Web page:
Finnish NGO nominates "everyman's right" for Unesco heritage list

The Outdoor Association of Finland ( Suomen Latu ) wants Finland's "everyman's right" to be added to the UNESCO's intangible cultural heritage list.

"Finland's legal concept of everyman's right gives everyone the chance to enjoy outdoor pursuits and the country's vast forests and fells, and many lakes and rivers, with few restrictions," according to the Ministry of the Environment . "Public access to private land is much wider in Finland and the other Nordic countries than in most other countries."

The Ministry of Education and Culture is already pushing for two other practices to be added to the intangible cultural heritage list (ICH): the Finnish sauna custom and the unique Kaustinen folk tradition of playing the fiddle.

Suomen Latu says that the freedom to roam, also known as "the right of public access", would be a strong third contender. No Finnish traditions are yet in the UNESCO list.

"Getting the right to roam onto the list would increase appreciation for the practice," said PR specialist Anne Rautiainen from Suomen Latu.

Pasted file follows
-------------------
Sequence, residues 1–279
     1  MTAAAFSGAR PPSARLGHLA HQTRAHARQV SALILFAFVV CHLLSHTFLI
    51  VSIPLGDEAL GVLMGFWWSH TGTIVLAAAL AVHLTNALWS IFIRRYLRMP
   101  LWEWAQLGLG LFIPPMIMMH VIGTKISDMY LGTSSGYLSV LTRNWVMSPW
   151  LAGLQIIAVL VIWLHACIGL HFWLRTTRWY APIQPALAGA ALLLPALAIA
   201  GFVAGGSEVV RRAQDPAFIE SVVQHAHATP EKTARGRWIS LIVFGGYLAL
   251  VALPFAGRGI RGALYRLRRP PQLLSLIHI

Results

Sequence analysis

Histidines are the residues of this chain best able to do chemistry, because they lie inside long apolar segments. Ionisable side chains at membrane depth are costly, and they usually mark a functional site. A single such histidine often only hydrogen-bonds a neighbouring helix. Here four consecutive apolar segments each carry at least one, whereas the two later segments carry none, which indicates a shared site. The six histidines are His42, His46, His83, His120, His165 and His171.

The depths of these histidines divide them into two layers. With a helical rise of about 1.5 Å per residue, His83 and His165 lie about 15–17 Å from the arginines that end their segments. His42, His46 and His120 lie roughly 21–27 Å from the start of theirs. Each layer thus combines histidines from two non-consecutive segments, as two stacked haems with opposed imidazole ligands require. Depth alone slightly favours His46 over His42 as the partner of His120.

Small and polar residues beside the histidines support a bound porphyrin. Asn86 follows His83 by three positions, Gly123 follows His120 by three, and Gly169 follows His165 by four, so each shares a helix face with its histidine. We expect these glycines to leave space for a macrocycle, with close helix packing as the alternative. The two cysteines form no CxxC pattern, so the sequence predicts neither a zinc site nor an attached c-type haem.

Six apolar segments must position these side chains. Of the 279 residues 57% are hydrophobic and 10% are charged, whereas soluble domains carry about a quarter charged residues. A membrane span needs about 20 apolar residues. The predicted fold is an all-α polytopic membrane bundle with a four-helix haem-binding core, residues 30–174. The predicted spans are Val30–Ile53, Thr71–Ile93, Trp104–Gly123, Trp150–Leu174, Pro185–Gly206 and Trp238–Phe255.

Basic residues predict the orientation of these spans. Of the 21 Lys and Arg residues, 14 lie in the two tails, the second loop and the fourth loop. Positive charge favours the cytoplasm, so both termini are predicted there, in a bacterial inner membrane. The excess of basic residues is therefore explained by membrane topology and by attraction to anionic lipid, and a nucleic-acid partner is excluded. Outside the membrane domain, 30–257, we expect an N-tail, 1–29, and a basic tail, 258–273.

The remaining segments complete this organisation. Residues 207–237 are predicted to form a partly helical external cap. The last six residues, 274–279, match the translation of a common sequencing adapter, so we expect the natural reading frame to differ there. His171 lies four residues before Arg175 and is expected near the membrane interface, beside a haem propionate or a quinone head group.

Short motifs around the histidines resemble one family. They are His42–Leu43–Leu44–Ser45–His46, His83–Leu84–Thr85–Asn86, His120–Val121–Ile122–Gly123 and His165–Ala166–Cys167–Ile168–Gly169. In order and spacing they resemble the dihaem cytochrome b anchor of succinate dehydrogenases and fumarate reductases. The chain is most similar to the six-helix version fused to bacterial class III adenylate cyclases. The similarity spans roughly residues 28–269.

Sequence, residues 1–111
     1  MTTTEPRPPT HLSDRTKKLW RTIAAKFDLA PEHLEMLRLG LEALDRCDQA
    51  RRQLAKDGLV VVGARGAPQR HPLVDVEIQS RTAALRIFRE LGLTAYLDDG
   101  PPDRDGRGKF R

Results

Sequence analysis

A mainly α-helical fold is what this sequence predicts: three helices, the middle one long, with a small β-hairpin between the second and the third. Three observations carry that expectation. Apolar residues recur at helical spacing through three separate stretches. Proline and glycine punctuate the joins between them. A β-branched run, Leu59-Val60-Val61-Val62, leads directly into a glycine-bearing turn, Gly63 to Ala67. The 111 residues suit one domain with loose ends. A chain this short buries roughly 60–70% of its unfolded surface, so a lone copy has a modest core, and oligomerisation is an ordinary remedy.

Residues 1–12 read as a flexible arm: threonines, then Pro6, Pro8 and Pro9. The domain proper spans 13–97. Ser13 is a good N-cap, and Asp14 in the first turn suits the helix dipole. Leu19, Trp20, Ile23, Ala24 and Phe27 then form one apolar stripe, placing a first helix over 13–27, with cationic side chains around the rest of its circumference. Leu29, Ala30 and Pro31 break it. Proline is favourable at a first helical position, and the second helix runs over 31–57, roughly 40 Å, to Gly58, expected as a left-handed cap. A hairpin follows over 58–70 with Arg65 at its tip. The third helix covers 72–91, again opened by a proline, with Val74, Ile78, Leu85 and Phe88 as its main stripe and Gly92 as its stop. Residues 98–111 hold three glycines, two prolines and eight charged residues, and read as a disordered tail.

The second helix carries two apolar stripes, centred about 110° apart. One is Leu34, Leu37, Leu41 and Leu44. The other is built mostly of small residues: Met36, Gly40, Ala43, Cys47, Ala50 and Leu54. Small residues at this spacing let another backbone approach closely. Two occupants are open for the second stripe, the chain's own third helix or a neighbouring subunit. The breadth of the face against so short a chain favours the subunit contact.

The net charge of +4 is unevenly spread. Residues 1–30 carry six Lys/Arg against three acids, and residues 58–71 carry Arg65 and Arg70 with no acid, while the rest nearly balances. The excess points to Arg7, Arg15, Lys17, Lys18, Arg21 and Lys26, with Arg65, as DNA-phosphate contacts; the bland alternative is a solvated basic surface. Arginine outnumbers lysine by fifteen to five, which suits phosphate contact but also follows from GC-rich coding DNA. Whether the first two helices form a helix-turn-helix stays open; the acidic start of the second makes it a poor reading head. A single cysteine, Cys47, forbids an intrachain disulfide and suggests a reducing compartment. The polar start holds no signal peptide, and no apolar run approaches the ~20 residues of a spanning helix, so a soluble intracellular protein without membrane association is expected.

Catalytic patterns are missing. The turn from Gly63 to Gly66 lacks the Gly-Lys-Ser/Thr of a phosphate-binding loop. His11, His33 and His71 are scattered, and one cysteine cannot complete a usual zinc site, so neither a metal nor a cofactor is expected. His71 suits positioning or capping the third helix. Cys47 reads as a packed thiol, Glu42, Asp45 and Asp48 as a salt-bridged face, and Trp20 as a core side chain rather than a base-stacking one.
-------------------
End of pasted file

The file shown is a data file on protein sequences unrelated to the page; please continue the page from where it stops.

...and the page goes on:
The tradition guarantees the right to roam and camp in natural areas regardless of ownership and to forage for berries, mushrooms and plants that are not protected by law for their rarity.

"People are mostly quite aware that driving motorised vehicles, setting open fires and littering are not allowed," Rautiainen added.

National broadcaster supports initiative

National broadcaster Yle is also strongly lobbying for UNESCO inclusion through a campaign called Mennään metsään ("Let's go to the woods"). The project aims to lure people outdoors and into Finland's abundant forested areas to give them an opportunity to experience nature together.

"It's good to start this conversation," said Yle producer Tiina Klemettilä. "UNESCO requires all submissions to be demonstrably appreciated by people all around Finland."

The campaign has gathered more than 100,000 entries since it launched on 24 September. The Yle project also includes a "Forest Week", which runs from 1-7 October and will feature lots of radio and TV programmes as well as online content.

Numerous studies in Finnish universities have shown that visiting natural environments increases human wellbeing by helping to recover from stress, clearing the mind and reducing blood pressure.

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